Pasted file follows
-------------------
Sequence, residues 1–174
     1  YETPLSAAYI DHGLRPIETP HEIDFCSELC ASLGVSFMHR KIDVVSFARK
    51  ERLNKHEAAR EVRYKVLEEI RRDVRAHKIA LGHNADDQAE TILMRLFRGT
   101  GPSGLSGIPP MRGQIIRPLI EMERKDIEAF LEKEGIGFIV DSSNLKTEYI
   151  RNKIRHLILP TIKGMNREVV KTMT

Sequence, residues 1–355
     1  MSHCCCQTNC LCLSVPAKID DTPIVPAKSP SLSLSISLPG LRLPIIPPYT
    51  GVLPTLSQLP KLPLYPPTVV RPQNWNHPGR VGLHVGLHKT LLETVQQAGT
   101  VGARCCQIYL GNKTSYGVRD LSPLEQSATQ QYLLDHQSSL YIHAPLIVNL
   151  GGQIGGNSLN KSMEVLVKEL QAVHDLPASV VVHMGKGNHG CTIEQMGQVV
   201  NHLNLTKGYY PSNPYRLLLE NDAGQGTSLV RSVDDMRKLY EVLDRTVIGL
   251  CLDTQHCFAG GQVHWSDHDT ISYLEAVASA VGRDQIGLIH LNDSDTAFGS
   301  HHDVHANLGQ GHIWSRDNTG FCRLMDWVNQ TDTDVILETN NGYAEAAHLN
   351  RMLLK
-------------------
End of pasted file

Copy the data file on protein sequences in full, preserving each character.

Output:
Sequence, residues 1–174
     1  YETPLSAAYI DHGLRPIETP HEIDFCSELC ASLGVSFMHR KIDVVSFARK
    51  ERLNKHEAAR EVRYKVLEEI RRDVRAHKIA LGHNADDQAE TILMRLFRGT
   101  GPSGLSGIPP MRGQIIRPLI EMERKDIEAF LEKEGIGFIV DSSNLKTEYI
   151  RNKIRHLILP TIKGMNREVV KTMT

Sequence, residues 1–355
     1  MSHCCCQTNC LCLSVPAKID DTPIVPAKSP SLSLSISLPG LRLPIIPPYT
    51  GVLPTLSQLP KLPLYPPTVV RPQNWNHPGR VGLHVGLHKT LLETVQQAGT
   101  VGARCCQIYL GNKTSYGVRD LSPLEQSATQ QYLLDHQSSL YIHAPLIVNL
   151  GGQIGGNSLN KSMEVLVKEL QAVHDLPASV VVHMGKGNHG CTIEQMGQVV
   201  NHLNLTKGYY PSNPYRLLLE NDAGQGTSLV RSVDDMRKLY EVLDRTVIGL
   251  CLDTQHCFAG GQVHWSDHDT ISYLEAVASA VGRDQIGLIH LNDSDTAFGS
   301  HHDVHANLGQ GHIWSRDNTG FCRLMDWVNQ TDTDVILETN NGYAEAAHLN
   351  RMLLK